Mark Cavendish on day one of Ghent Six.

Mark Cavendish is recovering at home after Ghent Six crash: ‘I’ll survive’

Comeback Cav is no stranger to recovery: “I always knew that I had the dogged persistence and the work ethic to come back to the top.”

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A few days after his release from the Ghent University Hospital’s ICU, Mark Cavendish is back home and recovering from his nasty Ghent Six crash.

“When I crashed I knew I’d done some damage and was in a bad way, that scares you,” Cavendish told The Sun. “But the kids were there and my instinct was to stand up so they’d know I’m OK. I walked back to the cabins we stay in at the velodrome and when they’d gone I was stretchered off to hospital.”

Cavendish and his partner Iljo Keisse were deep into the last day of Ghent Six, on the super-short ‘t Kuipke velodrome labelled the “wall of death”, when the Manxman hit the deck hard.

“It was a freak accident caused by water on the track after a rider spilled his drink,” Cav explained. “There was a slip of wheels in front which started a chain reaction and caused the crash. I landed on a bike, broke my ribs and ripped a hole in my lung. The hole is behind my heart, which complicates things and makes it harder to monitor, because it doesn’t show on X-rays, but I’ll survive.”

The Manx Missile is no stranger to injuries, and all the pain and retraining they involve. Though he’s yet to sign on the dotted line for next season, Cav remains stoic and optimistic about his recovery and racing future.

“As professional sportspeople you know your body well enough to know what it means and what the recovery time is,” he said. “We’re used to broken bones and lungs heal quite quickly, so I should be back in the saddle in a few weeks. It might push my season back a bit, and I’ll be in pain for a while, but I heal well so it’s not too bad.”

Before his triumphant 2021 season, Cav had endured a number of difficult years, marred by injury, illness and clinical depression. He overcame the shoulder injury and the still longer recovery from Epstein-Barr, but learning to manage his mental health is an ongoing process.

“There’s almost a karma that somebody like me gets depression and that’s why I’m not afraid to talk about it,” he explained, admitting that he would have dismissed its seriousness before experiencing it himself. “Depression is not about feeling sorry for yourself because things aren’t going your way, it’s a medical condition that you can’t control.”

Mental health is not something we hear about often in professional cycling, but there’s little doubt that in a sport with such high demands on body and mind, emotional and mental challenges must be understood.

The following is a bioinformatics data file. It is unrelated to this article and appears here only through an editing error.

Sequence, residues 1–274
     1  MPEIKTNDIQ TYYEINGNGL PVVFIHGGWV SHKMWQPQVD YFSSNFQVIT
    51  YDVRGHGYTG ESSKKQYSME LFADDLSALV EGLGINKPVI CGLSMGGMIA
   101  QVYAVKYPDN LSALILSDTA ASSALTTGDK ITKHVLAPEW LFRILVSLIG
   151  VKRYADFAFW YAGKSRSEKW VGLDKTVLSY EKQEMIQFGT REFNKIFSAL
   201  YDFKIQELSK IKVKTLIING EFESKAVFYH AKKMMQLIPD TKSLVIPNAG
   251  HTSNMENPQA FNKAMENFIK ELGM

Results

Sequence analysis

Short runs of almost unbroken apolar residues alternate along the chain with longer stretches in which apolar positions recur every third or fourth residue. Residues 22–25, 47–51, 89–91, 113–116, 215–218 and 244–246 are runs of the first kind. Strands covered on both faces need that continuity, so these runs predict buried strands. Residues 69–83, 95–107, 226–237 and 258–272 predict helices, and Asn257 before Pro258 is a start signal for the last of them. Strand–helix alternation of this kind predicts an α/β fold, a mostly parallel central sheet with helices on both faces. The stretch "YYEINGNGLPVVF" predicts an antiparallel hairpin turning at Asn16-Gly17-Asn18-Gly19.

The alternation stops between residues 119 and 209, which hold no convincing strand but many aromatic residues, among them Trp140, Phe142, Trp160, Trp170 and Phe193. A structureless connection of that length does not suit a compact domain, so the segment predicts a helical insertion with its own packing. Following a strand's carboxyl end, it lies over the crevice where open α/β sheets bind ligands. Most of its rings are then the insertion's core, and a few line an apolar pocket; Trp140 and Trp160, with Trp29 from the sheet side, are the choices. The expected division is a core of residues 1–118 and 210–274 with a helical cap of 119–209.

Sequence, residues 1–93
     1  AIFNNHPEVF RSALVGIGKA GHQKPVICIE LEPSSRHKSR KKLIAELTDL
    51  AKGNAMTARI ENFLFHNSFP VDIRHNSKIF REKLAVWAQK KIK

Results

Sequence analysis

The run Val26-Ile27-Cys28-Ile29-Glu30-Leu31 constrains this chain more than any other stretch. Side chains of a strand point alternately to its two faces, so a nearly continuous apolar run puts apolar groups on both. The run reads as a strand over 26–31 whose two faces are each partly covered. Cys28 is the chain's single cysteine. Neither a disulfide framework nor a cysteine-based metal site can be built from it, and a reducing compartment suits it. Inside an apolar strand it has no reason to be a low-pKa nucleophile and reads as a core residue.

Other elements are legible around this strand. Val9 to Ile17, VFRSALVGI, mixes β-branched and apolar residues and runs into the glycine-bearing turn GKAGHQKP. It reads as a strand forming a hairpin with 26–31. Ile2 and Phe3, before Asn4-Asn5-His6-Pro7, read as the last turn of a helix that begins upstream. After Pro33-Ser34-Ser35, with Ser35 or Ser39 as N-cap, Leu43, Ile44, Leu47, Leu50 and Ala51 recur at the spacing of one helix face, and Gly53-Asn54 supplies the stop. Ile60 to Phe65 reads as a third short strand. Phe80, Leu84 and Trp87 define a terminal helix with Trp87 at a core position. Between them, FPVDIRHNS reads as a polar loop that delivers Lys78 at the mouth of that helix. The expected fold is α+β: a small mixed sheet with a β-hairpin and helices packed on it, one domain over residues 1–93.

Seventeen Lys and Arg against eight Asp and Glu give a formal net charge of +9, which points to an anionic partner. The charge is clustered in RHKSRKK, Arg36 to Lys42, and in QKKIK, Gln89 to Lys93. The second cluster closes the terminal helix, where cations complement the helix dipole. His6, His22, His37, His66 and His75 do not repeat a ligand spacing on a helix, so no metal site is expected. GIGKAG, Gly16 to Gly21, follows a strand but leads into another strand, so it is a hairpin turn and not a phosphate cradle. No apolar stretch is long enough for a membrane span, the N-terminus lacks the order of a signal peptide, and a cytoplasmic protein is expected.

“I changed. I just wasn’t me. I was numb, with no empathy or feeling towards anybody or anything,” Cavendish said. “It’s hard to describe because it can be nothingness and it can be absolutely everything. But after saying it was all nonsense before, I can now say, from personal experience, mental health problems are real and have to be taken seriously.”

The Manx Missile ponders the “wall of death” from his ‘cabin’ in a quiet moment during Ghent Six.

“I’ve always thought it’s better to wear your heart on your sleeve, then people know what they’re getting from you,” Cavendish said. “You don’t have to pretend to be someone else to anyone and experience has now taught me that if you’re not all right, you have to say so. There’s not always something people can do about it. Just being able to open up about it is often enough to help.

“Depression changes your life and you’re never the same again. But you can move forward, you can deal with things, you can turn things positive – and it all came right this year.”

Back in the livery of Deceuninck-QuickStep, the signs were good from early in the 2021 season. Wins in Turkey gathered momentum and before long, Cav was beating some of the world’s best. Then the Tour de France happened – four stage wins and the green jersey for the second time in his career, ten years after the first.

Naturally, the sprinter is expecting/hoping to return to the Tour’s happy hunting ground in 2022, but Cav was quick to dismiss a deliberate assault on the Merckx record.

“My goal is to try to win as much as I can, for as long as I can,” he said. “There’s no specific number I want to reach.”

Retirement seems further off now than it did this time last year – “That’s perhaps the last race of my career”, he told reporters at Gent-Wevelgem, October 20, 2020 – but at 36 years old, he’s much more, let’s say, experienced than most of his rivals. While he’ll keep racing for a while longer, Cavendish has given some thought to what’s next.

Cav celebrates with his daugher Delilah at Ghent Six.

“My family have been on the back end of my career for too long so first and foremost, I’ll do what’s best for them,” he said. “But I have options and I have desires when it comes to what I do next.

“I’m not lucky to be a cyclist, because I have worked hard and sacrificed my whole life. But every day I’m on a bike, I feel fortunate to be able to do what I love and I’m fortunate that I’m in a position that I can choose what I want to do after in my career.”

Cavendish is better equipped than most to deal with recovery. While he was coping with Epstein-Barr and depression, deep in a results draught, he felt abandoned by some of those who were meant to believe in him most. But he knew what he had to do to get back to himself, with or without support.

“People who were with me went away while I was trying to find my way back,” he said of his darkest period. “But I knew what I could do, I knew where I was before and what I needed to do to get back there. I didn’t know how long it would take – maybe a year, maybe ten years – but I always knew that I had the dogged persistence and the work ethic to come back to the top.”

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